Wedge Optics in Flat Panel Displays - clare.cam.ac.uk WEDGE OPTICS Fig. 1: Each reflection off one face

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Text of Wedge Optics in Flat Panel Displays - clare.cam.ac.uk WEDGE OPTICS Fig. 1: Each reflection off one...

  • Copyright assigned to IEEE and publication pending in Proceedings of the IEEE

    1

    Abstract— Liquid Crystal Display (LCD) technology will

    struggle to display high resolution on screens as big as

    whiteboards. Yet there is demand also for less power

    consumption, three dimensional (3D) images and that the display

    should be able to see gestures and feel touch. Most of these

    features are possible with projection and wedge light-guides make

    projection slim, but pico-projectors are so dim that many will be

    needed for such a big screen. For now, we use instead a hybrid of

    technologies: light-guides look out from behind an LCD to see

    where the viewers' hands and eyes are, and a collimated backlight

    lets us illuminate one view at a time to each eye. This lets us

    synthesize 3D with achievable increases in LCD frame rate. We

    expect that this combination of a multi-view 3D display and a

    view-dependent rendered image will give us the potential to

    televise the experience of looking through a window.

    Index Terms— display, lens, telepresence, waveguide

    I. INTRODUCTION

    HEN the flat panel display was first conceived, most

    households had only one display, the cathode ray tube,

    and it had only one purpose, that of watching television. It has

    taken over four decades to achieve a big, flat, affordable, high

    definition television display so it is no surprise that the

    potential uses have changed. Information of many forms

    besides television has been digitized and the flat panel display

    has become a general-purpose interface to this information.

    The flat panel display has enabled new applications such as

    portable phones and computers, but it has come to act also as

    something of a brake on these new applications. Silicon chips

    and hard discs can shrink but displays cannot because people

    remain the same size, so the flat panel display is taking an ever

    greater share of the power consumption, weight and cost of an

    information device [1].

    These are familiar challenges but if information technology

    is the new master, it makes new demands: high definition is no

    longer enough and the displays on portable phones now feel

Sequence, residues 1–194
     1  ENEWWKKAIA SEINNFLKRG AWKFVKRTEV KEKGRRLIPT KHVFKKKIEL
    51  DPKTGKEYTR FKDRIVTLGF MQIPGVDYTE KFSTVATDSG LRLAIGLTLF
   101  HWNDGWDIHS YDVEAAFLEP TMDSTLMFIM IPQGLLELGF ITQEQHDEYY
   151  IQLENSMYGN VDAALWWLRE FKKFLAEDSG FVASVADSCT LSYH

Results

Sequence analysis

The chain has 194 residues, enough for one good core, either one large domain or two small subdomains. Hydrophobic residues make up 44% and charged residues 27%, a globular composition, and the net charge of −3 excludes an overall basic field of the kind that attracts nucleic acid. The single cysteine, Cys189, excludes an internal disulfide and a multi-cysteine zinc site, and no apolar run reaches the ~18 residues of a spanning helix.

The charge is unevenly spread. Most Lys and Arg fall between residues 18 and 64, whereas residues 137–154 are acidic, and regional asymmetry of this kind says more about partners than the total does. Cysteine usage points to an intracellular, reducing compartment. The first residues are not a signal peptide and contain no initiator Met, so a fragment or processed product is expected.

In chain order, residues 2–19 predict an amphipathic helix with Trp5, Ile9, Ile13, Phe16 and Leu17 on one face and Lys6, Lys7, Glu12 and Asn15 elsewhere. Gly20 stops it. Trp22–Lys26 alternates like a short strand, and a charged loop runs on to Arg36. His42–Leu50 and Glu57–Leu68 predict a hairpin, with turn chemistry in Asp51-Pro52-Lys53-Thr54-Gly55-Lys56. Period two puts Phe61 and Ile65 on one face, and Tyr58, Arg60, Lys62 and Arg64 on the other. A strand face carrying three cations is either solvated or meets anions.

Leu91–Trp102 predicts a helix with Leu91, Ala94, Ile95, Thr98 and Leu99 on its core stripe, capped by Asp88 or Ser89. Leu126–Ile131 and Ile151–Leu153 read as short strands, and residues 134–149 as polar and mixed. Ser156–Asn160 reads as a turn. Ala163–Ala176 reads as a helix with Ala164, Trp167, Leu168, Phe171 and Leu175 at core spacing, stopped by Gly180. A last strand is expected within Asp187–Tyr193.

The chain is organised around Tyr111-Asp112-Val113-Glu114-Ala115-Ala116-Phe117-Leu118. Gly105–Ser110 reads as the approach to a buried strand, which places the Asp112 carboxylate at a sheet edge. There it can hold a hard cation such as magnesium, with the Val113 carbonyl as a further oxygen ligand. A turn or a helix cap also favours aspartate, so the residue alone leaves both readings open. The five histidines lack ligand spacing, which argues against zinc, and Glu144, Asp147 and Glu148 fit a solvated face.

touch while tabletop displays [2] can see tags placed on top

    [3]. The more we can learn about the user, the better our

    chances of guessing their intent so we want also to see which

    finger has touched, how the hands have moved between

    touches and what gestures they might have made [4]. Displays

    are being used also for tele-presence but speakers want to look

    Manuscript received July 14, 2011. The authors are with the Applied

    Sciences Group of Microsoft Corporation, One Microsoft Way, Redmond

    WA 98052 (phone: 425-706-8281, email: adriant@microsoft.com,

    tlarge@microsoft.com, emerton@microsoft.com, stevieb@microsoft.com)

    each other in the face, not see the skewed line of sight

    delivered by a camera on top of the screen. The display

    therefore needs to be able to see the viewer as if there were a

    camera behind the display looking through [5], but what if

    there is a group of people in front of a screen? Only one of the

    group can have eye contact with the distant speaker so the rest

    must each see an image appropriate to their position and this

    happens to be just what is needed for 3D [6]-[9].

    Whatever the new demands of information technology, the

    appetite for higher resolution persists and there may also still

    be appetite for greater size. A typical office will have a

    whiteboard and documents pinned on a noticeboard and if an

    electronic display is to integrate these functions, it might need

    laser print resolution on a screen with a diagonal of more than

    100”. Even to make a display for high definition television,

    transparent conductors edged with copper were needed to

    reach the required data rates [10] and in order to reach the size

    and resolution of a notice-board, we may need to transmit data

    optically, just as with telecoms. Optics, in the form of

    projection, has always been a stratagem for making big

    displays but projection is bulky. Similarly, one can get only so

    far by putting a camera behind a screen in order to read tags

    placed on its surface. Both the conventional metrics of display